Does Brexit spell doom for London’s future mergers and acquisitions? Going by what transpired in the days shortly after cessation, one would be right to think so. London has now approached every M&A deal with political suspicion. First, there was Peugeot’s offer to buy GM’s European auto business; immediately London got the whim of this secretary Greg Clark rushed to Paris to seek assurance about the future of the two Vauxhall plants in Britain.
Shortly followed a £115bn offer by US conglomerate Kraft Heinz to acquire Unilever. Even though Unilever, later on, rejected this deal, panicked UK ministers were already questioning policy issues such as the future of Unilever’s headquarters, UK listings, and jobs.
So what is the driving force behind the mega-takeover bids?
After the Brexit vote, the sterling pound dropped from about $1.50 against the dollar to less than $1.20, fuelling foreign investor’s lust for UK companies. Many buyers reacted opportunistically to try and acquire UK companies. Despite the protectionism put up by the British government, the decline of the sterling pounding has made UK assets attractive to investors.
According to analysts, we are still going to see more large-cap mergers and acquisitions shortly. More so investors expect a further drop of the pound after Theresa May triggers article 50. Then there is the Trump effect. All these factors are responsible for the animal spirits returning to company boardrooms.
Continued Availability of funds
In the recent past, there has been a regular availability of capital that has even put big targets in reach, as in the case of Unilever. The US economy is undoubtedly on track for considerable growth, after Trump promised to lower taxes and invest more in infrastructure. It is a no-brainer that US companies will be looking to deal because of the promise of growth at home, and a fallen currency abroad.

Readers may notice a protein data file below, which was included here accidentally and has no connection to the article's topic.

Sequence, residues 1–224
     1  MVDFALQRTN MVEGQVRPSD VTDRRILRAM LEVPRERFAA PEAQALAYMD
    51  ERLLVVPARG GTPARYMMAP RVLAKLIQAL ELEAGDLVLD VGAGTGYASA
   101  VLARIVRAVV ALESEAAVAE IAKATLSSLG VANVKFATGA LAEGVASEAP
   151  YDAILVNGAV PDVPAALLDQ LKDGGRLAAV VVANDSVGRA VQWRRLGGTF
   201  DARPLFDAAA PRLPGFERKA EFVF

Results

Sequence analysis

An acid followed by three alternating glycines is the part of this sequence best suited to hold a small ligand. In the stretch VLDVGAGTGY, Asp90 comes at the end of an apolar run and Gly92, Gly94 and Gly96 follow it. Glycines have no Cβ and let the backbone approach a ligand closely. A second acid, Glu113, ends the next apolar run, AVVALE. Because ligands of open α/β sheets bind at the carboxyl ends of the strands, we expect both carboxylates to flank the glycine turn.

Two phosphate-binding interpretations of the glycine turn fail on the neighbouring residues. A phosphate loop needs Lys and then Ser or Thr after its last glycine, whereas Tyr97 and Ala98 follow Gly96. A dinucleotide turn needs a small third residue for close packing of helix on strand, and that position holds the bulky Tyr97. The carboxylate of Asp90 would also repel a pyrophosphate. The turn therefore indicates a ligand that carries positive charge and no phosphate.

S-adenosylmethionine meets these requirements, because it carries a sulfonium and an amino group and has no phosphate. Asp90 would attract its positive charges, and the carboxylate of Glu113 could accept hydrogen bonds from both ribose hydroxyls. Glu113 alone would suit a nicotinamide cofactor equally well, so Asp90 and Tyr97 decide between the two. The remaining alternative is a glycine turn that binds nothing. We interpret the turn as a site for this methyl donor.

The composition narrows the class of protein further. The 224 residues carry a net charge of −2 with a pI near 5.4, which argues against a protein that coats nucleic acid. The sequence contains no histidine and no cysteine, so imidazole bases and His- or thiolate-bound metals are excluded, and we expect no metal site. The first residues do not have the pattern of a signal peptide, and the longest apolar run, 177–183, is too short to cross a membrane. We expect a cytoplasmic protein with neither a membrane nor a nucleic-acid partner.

However, despite the few big deals like Peugeot, Softbank and the merger of London Stock Exchange and Deutsche Borse, many foreign investors have steered away from British assets. It all boils down to the political, legal and financial uncertainties associated with Brexit. And now we are witnessing unsuccessful Brexit transitional negotiations. The longer the talks drag on, the more foreign buyers sit on their wallets.
Political uncertainty still an issue
Political instability is the big elephant in the room, and many buyers are concerned about the future impacts of Brexit. In the second half of 2016, there was a 30 % drop in M&A deals for UK companies by foreign buyers, as compared to 2015. Political uncertainty has by far outweighed the allure of the collapsing sterling pound.
Tensions are high in the UK, as two recent takeovers have pushed the UK government towards protectionism for its companies. The big uncertainty in investors’ minds is how the government can deal with an M&A boom at a time when they are also trying to navigate the murky waters of the exit. The exit itself is expected to see many corporate relocations and job losses.